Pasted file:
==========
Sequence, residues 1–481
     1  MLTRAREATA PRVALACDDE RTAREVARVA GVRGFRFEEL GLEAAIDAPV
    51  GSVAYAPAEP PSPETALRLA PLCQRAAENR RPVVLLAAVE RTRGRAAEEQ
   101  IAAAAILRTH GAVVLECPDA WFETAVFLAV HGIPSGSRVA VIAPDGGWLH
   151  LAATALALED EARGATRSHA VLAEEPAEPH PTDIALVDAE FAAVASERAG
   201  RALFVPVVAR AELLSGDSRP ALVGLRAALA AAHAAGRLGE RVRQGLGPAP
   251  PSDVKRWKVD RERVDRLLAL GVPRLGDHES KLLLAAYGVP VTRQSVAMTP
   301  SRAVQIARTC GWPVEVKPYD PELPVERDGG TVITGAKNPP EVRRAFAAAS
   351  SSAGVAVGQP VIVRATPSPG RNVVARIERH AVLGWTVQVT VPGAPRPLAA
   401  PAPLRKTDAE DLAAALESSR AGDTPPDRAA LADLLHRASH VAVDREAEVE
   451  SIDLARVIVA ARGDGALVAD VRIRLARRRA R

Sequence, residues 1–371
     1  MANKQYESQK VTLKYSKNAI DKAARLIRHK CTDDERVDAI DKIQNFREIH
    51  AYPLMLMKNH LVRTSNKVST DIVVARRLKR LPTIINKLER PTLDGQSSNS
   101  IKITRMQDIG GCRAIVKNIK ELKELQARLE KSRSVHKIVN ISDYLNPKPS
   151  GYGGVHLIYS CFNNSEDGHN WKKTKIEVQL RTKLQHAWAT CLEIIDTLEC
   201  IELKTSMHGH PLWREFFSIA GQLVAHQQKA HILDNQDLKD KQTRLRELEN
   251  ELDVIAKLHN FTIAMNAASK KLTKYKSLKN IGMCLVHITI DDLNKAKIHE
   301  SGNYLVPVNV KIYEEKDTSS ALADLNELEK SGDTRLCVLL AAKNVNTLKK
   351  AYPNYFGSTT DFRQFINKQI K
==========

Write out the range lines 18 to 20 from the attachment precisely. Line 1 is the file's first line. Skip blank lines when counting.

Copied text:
   251  ELDVIAKLHN FTIAMNAASK KLTKYKSLKN IGMCLVHITI DDLNKAKIHE
   301  SGNYLVPVNV KIYEEKDTSS ALADLNELEK SGDTRLCVLL AAKNVNTLKK
   351  AYPNYFGSTT DFRQFINKQI K